pkts bytes target     prot opt in     out     source               destination         

Chain INPUT (policy ACCEPT 0 packets, 0 bytes)
 pkts bytes target     prot opt in     out     source               destination         

Chain POSTROUTING (policy ACCEPT 1432 packets, 447K bytes)
 pkts bytes target     prot opt in     out     source               destination         
   83  6113 MASQUERADE  all  --  *      enp0s3  10.8.0.0/24          0.0.0.0/0           
    2   112 MASQUERADE  all  --  *      enp0s8  10.8.0.0/24          0.0.0.0/0           

Chain OUTPUT (policy ACCEPT 0 packets, 0 bytes)
 pkts bytes target     prot opt in     out     source               destination        

The client machine will need to add an entry into it's routing table to direct traffic intended for the Internal network correctly. For example, on a windows box (assuming the VPN interface was assigned the IP 10.8.0.10):

route add 192.168.240.0 mask 255.255.255.0 10.8.0.10

This provides a path the subnet which would otherwise be unreachable, and that should be all you need.

Happy hacking!

Troubleshooting

VirtualBox Internal Network does not offer IPv4 address

I found the new internal network I created did not have a working DHCP server to assign IP addresses to clients. I needed to configure the DHCP server by running VBoxManage on the host:

$ VBoxManage list dhcpservers
$ VBoxManage dhcpserver add --netname hackernet --ip 192.168.240.100 --netmask 255.255.255.0 --lowerip 192.168.240.101 --upperip 192.168.240.254 --enable

I found I needed to restart the VirtualBox Manager GUI for the settings to take effect.

Bridged mode adapter does not acquire IPv4 address on startup

I could't find the reason bridged mode adapters were not acquring an IP address, as a workaround I ran ifup/down after boot:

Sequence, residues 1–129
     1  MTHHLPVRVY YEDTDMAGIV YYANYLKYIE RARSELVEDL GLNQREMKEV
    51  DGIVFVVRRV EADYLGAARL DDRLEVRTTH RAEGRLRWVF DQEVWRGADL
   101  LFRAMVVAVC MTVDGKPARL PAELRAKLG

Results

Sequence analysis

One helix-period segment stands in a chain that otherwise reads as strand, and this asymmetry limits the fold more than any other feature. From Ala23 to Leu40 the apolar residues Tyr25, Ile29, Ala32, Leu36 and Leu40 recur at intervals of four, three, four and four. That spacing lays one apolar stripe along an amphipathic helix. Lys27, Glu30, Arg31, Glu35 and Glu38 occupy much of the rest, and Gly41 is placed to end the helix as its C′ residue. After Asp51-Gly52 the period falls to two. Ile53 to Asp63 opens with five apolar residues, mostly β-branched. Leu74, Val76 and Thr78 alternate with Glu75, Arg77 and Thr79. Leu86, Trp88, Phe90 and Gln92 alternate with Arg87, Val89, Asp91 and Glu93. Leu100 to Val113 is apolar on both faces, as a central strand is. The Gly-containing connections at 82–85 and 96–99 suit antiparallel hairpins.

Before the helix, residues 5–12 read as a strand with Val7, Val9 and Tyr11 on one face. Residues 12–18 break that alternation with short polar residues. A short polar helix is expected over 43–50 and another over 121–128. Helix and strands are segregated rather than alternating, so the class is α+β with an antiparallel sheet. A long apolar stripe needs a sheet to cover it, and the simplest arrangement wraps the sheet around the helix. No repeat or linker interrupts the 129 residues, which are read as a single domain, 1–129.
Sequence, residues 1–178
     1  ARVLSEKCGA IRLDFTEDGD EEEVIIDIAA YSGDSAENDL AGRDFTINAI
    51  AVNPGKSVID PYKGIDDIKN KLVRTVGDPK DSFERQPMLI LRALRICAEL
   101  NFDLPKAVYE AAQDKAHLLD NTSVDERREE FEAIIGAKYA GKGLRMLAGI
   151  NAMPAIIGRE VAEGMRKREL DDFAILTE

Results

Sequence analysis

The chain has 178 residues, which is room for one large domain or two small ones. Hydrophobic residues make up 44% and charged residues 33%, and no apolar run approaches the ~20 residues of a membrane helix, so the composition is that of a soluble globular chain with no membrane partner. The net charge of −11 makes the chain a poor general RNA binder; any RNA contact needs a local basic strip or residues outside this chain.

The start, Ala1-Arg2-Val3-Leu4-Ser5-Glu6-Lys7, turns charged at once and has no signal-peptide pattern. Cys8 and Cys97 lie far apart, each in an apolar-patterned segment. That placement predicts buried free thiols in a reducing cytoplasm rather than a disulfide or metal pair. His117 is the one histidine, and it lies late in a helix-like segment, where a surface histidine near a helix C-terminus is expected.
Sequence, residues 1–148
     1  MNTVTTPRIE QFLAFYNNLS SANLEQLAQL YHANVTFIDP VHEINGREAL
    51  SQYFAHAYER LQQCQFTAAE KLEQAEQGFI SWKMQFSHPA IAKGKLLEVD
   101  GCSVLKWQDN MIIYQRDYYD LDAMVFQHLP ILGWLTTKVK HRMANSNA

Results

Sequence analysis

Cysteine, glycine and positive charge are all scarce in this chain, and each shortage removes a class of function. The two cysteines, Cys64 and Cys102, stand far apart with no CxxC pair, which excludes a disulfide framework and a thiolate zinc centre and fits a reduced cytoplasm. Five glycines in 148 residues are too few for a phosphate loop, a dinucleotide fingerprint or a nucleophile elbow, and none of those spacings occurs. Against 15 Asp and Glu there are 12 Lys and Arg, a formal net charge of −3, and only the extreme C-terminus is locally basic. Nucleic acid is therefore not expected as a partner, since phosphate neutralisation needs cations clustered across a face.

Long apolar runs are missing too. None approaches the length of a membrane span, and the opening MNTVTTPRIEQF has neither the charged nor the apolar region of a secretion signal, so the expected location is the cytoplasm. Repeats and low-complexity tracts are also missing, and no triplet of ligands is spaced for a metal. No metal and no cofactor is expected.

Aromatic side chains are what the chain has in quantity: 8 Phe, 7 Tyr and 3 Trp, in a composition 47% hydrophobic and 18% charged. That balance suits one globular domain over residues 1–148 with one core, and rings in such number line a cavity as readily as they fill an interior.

# /usr/sbin/ifdown enp0s3
# /usr/sbin/ifup enp0s3

If you know of a solution, please let me know in the comments section.

OpenVPN client cannot access Internet - unable to redirect default gateway

This error can happen if a client machine did not have a default gateway already configured prior to connecting to the vpn server. OpenVPN does not know how to reroute external packets if there is no default route configured. This a likely to happen on a machine connected to the VirtualBox internal network.

A possible solution would be to configure the default route manually after connecting to the openvpn server:

$ ip route
10.8.0.1 via 10.8.0.5 dev tun0
10.8.0.5 dev tun0 proto kernel scope link src 10.8.0.6
192.168.240.0/24 dev enp0s3 proto kernel scope link src 192.168.240.102

Manually add route (replicate the line "via X dev tun0", replacing 10.8.0.1 with default)

# ip route add default via 10.8.0.5 dev tun0

Updated routing table:

$ ip route
default via 10.8.0.5 dev tun0
10.8.0.1 via 10.8.0.5 dev tun0
10.8.0.5 dev tun0 proto kernel scope link src 10.8.0.6
192.168.240.0/24 dev enp0s3 proto kernel scope link src 192.168.240.102

Another option could be to add a dummy default route (eg. to 127.0.0.1) prior to connecting the the vpn server. See https://unix.stackexchange.com/questions/308751/can-openvpn-create-the-default-route-if-it-doesnt-exist for more information.

Further reading

Comprehensive guide to VirtualBox networking configurations:

https://www.nakivo.com/blog/virtualbox-network-setting-guide/

Good guide to NAT with iptables:

https://www.karlrupp.net/en/computer/nat_tutorial

Superuser.com question - how to forward packets from one network interface to another:

https://superuser.com/questions/938805/how-forward-packets-from-network-interface-to-another